The first few minutes of Arkham Knight is spent by the player controlling one of the citizens of Gotham City, and then bearing witness to a horrible attack that sets the mood and tone of the rest of the game. Then, and only then, do you finally get to control Batman. Arkham Knight is not about holding the player’s hand and training them to fight crime, it’s about becoming Batman in the most straightforward way as possible: you wear the cowl and fight. While it may seem silly that a game expects its players to have played the previous installments (and AK is still accessible to new players), even we can see the value of having played the other titles. From the back story to the mastery of combat, it pays off.
Take to the Streets
Arkham Knight is a massive improvement over the previous games in terms of visuals and size. The entire city of Gotham is now all yours to explore, and you even get to use the Batmobile to help move around. The car is far more than just a mode of transport however, its presence is heavily worked into the game, and there are many important parts in the story where you will need to put your driving skills to the limits.
The story is that Gotham has been evacuated after a dangerous threat by Scarecrow –leaving Gotham exposed not only to the criminal elements, but also to Scarecrow’s new found partner, the mysterious Arkham Knight and his well armed, and expertly trained army of soldiers. The worst part is that the Knight seems to have a massive grudge against Batman. As if the danger was not big enough, the Caped Crusader is also dealing with the poisoned blood in his system (courtesy of the now-dead Joker), which, combined with Scarecrow’s fear toxins, is causing him to hallucinate about the Clown Prince of Crime.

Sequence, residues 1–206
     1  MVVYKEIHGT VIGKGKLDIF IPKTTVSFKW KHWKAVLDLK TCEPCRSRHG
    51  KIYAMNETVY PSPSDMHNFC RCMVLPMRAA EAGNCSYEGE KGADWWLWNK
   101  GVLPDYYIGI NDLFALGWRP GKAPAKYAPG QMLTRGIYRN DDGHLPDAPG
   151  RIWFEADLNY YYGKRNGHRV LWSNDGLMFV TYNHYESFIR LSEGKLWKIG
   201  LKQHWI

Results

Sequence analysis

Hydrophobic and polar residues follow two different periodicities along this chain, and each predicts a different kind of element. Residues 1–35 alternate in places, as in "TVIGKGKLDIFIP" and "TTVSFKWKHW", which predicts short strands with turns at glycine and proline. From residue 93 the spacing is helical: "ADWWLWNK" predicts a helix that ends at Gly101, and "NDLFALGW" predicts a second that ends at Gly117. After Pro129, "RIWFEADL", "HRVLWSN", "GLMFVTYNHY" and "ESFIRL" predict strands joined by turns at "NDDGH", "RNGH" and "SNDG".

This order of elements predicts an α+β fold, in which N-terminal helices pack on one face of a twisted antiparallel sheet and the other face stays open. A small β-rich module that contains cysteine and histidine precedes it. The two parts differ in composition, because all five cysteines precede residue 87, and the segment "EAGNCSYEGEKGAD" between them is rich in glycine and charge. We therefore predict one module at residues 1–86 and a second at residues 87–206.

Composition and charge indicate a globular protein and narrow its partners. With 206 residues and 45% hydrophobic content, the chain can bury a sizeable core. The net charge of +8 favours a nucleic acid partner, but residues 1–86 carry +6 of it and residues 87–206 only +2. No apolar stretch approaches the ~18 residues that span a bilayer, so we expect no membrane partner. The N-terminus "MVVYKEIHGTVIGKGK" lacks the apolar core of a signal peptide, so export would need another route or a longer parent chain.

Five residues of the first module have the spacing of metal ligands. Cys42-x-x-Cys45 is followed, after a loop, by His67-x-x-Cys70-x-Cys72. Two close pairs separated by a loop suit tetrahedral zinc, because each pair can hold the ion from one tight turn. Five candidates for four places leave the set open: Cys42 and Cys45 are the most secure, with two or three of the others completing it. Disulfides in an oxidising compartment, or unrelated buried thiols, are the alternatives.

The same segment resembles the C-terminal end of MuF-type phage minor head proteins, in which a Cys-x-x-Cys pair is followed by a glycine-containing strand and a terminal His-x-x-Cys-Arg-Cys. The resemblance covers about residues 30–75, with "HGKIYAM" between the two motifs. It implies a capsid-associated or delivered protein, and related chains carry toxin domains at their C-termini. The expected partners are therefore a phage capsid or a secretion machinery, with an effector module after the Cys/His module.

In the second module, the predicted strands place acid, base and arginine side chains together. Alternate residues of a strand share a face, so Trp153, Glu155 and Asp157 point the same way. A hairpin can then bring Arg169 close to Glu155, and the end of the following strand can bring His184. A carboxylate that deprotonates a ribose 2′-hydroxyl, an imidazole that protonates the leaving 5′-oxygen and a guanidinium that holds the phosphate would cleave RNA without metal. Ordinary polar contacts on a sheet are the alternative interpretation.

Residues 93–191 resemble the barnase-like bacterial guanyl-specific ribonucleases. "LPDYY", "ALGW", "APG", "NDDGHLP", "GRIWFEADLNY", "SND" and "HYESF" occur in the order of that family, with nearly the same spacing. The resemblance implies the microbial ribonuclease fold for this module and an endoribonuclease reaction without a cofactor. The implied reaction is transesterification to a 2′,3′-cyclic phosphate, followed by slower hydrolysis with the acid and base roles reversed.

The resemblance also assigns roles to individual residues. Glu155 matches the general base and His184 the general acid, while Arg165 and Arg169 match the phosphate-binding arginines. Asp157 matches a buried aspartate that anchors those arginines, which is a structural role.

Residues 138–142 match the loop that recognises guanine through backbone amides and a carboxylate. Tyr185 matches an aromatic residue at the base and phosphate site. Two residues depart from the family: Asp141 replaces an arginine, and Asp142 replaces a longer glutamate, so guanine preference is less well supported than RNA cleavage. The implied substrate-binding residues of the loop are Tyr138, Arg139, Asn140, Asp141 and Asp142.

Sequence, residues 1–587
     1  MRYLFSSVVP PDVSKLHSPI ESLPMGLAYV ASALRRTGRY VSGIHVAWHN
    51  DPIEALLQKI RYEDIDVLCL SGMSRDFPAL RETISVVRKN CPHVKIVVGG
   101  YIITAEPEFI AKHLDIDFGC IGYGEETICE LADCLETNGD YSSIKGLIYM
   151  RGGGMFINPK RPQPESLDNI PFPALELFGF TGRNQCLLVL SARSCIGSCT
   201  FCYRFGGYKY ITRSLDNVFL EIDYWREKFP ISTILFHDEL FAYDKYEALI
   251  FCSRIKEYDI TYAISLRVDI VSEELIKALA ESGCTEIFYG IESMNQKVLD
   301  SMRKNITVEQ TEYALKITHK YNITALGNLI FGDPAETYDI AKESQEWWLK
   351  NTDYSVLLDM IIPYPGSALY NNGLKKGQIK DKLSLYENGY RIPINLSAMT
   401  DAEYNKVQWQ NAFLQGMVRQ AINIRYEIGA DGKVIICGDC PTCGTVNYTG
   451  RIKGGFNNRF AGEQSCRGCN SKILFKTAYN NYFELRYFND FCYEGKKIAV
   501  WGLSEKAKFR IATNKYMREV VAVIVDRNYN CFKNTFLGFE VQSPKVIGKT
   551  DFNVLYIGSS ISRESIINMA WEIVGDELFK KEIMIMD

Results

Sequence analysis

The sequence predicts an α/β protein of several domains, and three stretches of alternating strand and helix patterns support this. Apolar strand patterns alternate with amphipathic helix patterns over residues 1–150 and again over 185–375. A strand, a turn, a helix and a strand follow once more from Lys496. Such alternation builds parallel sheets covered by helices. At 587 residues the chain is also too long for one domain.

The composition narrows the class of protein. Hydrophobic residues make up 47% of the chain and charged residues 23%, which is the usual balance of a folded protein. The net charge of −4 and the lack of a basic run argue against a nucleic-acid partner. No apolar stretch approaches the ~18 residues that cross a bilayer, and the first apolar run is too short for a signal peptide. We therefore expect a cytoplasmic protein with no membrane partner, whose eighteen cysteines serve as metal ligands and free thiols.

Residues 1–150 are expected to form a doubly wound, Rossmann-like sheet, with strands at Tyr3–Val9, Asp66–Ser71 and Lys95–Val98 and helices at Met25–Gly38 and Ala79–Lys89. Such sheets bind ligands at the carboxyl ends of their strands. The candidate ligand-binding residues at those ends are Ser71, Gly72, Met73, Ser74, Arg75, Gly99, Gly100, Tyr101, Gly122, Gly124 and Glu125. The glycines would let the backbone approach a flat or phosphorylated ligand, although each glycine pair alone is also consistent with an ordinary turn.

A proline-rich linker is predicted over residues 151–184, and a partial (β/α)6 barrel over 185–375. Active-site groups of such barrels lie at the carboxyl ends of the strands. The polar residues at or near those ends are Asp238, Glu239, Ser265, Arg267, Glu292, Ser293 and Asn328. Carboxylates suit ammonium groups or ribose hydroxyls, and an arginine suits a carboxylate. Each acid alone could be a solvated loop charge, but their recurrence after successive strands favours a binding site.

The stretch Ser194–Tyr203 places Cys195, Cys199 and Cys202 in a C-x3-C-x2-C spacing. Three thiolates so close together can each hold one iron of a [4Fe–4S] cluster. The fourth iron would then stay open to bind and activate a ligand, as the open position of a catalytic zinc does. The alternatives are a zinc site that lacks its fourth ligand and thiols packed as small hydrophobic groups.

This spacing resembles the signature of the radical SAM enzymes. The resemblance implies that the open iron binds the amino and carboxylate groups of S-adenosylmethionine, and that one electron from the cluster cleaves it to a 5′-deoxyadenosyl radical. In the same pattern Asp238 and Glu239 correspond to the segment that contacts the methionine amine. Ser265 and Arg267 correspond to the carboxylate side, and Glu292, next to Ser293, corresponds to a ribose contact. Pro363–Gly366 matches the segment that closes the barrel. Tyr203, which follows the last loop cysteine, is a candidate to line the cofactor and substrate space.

Feels Like the Comics
The game’s narrative would be right at home with the comics –with the surreal appearances of Joker of taunting Batman at almost every single major plotpoint is one thing, but then you land on one random rooftop and you can still trigger a Joker conversation out of the blue, that’s just an insane attention to detail on the part of the developers. Many iconic series characters appear, Commissioner Gordon, Oracle, and Alfred are back –but so are several new faces: Lucius Fox as well as Bat-sidekicks Robin and Nightwing –both of whom now play larger roles in the game. Catwoman is back too, and has her own mini-storyline involving the Ridder. There is even a little Easter Egg that nods to Huntress and Black Canary for the DC fans to find. And for those of you who played Arkham City, there’s a resolution to the Azrael teaser as well.
Villains naturally fill the game –with Two-Face and Penguin trying to carve out their own territories in the thug-infested city. Other major villains like Ra’s Al Ghul, Mad-Hatter, Hush, Professor Pyg, Black Mask, Harley Quinn and several others appear or at the very least, are mentioned (some you still get the chance to beat up). Poison Ivy plays an important role, though many would argue that her in this game was not that well written (we’re inclined to agree).
Turn Up the Volume, and Play it on the Biggest Screen You Have
To say that Arkham Knight is a visually amazing game is an understatement. You have got another long night at Gotham, and the environment (which changes from moonlight to cloudy to rainy) is amazing. There is no lack of lights either, from the blazing neon signages to the bright red hazard lights of the Arkham Knight’s army, the entirety of Gotham City seems to be illuminated from within. And you get to bask in it all.
The game also benefits greatly to a surround sound speaker (or at the very least, a good pair of headphones). The music is subtle and nuanced, accenting each critical moment or every fight in just the right way before fading away at the perfect time (just present enough to give emotion to a scene but disappears before it brings attention to itself). The sound effects are also well designed –each gadget you pull out of your inventory sounds solid and weighty. More so with the punches and attacks, many of Batman’s incapacitating moves is accompanied by the satisfying sound of breaking bones.
Did we mention that the voice acting is amazing? Kevin Conroy and Mark Hamill reprise their roles as Batman and Joker –which is sure to fill fans with nostalgic delight. Conroy, hands down, still has the best Batman voice ever (and this is post-Batfleck). And of course, no one could ever come as close to Hamill’s portrayal of the Joker (the version of the great, late, Heath Ledger is amazing on film, but it is not the ‘comic’ Joker).